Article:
By Mr. Patrick Moes (USACE)August 30, 2012
As Asian carp continue to dominate news headlines across the Upper Mississippi River, St. Paul District scientists recently received some new technology to assist them in researching fish on the river.
Elliot Stefanik, biologist, said the Rock Island District lent a hydroacoustic camera to the St. Paul District in March to study fish within the river. The camera uses underwater sound waves and a computer then translates those waves into images in real time. "It's almost like an ultrasound or
side-scan sonar technology used by fishermen," said Stefanik.
While the technology is providing the Corps biologists' valuable research, Stefanik said the equipment is limited in terms of what they see. He said they can't see colors or defined shapes and that limits the researchers in determining what fish are present, but he said they can still observe fish behavior. "We observe how fish are acting, how they orient, and we can gain a lot of information," said Stefanik.
Many of the Corps' partners are currently exploring options to prevent the spread of Asian carp into Minnesota waters. Currently, the state of Minnesota has expressed interest in building a barrier in front of a lock and dam to discourage fish from entering the lock chamber. Stefanik
said he hopes the information the Corps collects can be used by the partners in designing a fish deterrent system.
"We hope to get a better understanding of how fish are behaving around our locks and then provide that [information] to our partners, so they know how many fish are using the lock chamber and how they behave in the chamber," said Stefanik. "It's all about being a good partner and helping other agencies better understand and better characterize how fish respond to a lock and dam structure."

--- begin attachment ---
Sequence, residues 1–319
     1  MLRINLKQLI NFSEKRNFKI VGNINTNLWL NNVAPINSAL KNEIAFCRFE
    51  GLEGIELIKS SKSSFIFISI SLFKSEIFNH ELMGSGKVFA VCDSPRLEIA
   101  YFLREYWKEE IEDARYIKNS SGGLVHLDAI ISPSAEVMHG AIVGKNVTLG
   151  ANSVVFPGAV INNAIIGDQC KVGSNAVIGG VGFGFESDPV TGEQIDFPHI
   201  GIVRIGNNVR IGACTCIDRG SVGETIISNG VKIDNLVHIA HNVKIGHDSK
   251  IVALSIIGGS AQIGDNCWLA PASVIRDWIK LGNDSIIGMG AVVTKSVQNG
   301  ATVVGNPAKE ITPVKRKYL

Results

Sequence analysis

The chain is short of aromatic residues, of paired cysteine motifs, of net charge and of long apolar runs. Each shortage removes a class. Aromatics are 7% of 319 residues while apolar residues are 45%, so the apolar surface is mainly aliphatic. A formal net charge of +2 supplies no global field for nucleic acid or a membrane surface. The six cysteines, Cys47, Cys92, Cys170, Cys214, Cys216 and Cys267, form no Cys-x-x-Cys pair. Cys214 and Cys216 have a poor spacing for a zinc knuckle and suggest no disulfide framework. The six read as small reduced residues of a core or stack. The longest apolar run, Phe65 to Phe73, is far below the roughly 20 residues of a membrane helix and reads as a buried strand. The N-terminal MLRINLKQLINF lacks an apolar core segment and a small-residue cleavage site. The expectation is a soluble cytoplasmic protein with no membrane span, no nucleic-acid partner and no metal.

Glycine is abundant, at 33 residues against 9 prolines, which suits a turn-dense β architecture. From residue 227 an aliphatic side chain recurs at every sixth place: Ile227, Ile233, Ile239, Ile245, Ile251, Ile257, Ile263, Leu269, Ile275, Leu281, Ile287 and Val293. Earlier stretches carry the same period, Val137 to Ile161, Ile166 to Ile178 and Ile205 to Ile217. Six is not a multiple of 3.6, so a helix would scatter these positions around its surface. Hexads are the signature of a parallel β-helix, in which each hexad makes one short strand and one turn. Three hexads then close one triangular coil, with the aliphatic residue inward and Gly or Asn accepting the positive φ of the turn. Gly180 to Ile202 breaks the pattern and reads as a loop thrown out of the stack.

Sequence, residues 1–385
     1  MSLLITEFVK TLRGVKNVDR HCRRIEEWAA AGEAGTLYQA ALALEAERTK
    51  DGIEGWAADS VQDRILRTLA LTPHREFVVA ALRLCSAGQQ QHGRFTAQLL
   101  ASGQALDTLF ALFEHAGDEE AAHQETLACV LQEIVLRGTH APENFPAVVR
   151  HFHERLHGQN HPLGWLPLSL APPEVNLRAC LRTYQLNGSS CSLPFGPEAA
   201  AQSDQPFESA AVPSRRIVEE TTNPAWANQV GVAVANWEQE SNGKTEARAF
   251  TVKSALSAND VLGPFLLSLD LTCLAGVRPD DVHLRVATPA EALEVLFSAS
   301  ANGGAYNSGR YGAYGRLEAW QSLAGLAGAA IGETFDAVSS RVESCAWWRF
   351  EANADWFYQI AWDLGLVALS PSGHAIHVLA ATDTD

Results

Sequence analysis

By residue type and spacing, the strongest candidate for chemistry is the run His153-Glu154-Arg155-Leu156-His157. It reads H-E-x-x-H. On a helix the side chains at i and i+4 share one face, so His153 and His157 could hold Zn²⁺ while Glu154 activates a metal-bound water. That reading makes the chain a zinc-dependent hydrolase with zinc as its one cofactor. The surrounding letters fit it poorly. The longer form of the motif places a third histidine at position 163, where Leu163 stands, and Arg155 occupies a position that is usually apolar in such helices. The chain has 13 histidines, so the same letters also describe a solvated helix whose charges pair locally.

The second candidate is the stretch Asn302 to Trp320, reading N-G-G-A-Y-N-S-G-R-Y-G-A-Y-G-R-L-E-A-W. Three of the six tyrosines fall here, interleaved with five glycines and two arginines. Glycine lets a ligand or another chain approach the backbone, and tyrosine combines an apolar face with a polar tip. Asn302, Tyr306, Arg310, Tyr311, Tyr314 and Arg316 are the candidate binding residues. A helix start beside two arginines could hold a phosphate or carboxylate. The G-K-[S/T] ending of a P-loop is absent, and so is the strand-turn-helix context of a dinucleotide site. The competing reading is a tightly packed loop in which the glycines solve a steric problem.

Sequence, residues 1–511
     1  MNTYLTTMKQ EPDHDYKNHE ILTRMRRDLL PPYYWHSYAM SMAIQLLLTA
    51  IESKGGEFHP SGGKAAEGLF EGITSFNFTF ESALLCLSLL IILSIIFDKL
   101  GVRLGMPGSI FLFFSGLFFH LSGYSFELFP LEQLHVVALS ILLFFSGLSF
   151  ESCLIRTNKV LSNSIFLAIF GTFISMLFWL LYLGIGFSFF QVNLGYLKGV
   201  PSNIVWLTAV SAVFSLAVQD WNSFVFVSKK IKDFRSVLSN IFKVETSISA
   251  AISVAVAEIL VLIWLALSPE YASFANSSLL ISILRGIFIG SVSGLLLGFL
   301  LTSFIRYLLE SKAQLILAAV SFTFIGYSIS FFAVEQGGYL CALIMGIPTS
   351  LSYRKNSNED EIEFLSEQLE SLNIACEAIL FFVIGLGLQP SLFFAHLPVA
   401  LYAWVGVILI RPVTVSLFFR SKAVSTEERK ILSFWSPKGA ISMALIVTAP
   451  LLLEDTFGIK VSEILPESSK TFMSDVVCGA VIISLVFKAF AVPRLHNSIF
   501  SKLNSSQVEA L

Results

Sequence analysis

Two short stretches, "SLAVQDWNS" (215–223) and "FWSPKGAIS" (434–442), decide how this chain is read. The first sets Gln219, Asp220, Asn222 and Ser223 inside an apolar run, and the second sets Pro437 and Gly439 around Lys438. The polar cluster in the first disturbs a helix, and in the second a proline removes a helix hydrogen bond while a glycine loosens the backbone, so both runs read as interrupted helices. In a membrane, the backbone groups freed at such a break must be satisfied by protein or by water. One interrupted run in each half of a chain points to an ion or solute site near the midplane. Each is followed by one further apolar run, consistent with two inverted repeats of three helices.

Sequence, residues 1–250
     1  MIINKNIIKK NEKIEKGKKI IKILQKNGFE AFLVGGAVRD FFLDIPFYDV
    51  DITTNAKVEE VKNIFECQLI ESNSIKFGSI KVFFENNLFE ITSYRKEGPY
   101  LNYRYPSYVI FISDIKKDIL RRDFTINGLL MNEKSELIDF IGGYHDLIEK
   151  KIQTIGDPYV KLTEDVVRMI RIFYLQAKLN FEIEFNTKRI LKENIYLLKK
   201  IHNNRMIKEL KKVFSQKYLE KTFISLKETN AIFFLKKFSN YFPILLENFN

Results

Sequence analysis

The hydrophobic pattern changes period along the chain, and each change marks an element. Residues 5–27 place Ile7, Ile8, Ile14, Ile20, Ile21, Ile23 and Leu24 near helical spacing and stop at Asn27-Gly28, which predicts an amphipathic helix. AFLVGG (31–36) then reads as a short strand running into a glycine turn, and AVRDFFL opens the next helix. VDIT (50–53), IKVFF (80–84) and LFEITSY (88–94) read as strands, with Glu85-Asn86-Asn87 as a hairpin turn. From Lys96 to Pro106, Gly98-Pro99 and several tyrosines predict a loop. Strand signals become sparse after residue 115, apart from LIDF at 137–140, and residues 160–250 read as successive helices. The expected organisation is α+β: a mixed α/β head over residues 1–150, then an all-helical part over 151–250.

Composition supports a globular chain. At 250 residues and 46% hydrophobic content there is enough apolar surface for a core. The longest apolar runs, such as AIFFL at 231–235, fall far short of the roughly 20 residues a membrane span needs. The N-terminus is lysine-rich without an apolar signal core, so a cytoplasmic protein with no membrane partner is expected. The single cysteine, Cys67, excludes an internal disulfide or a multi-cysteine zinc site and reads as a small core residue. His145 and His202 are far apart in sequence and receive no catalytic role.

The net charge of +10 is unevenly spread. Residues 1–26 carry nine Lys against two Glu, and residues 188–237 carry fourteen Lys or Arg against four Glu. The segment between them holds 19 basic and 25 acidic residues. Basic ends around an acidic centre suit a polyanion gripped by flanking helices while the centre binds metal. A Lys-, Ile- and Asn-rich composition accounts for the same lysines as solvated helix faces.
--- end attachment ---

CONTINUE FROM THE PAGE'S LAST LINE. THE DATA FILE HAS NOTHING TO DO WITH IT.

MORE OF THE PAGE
During the June 7 research at Lock and Dam 1 in Minneapolis, Stefanik said there was a large amount of common carp near the lock and dam. "We see a lot of common carp around this time of year, especially when the water temperatures get around 70 degrees," he said. "While
common carp may behave slightly different from Asian carp; they may be the best proxy the Corps has to determine how Asian carp might behave around a lock and dam." He said the Corps is also studying common carp within the Chicago Area Waterway System to determine
how they behave around the electrical barrier.
Moving forward, Stefanik said the next step in the research process will be taking the information they collected and looking at it collectively with the different agencies to see if there is anything that they can gather from it in terms of general fish tendencies.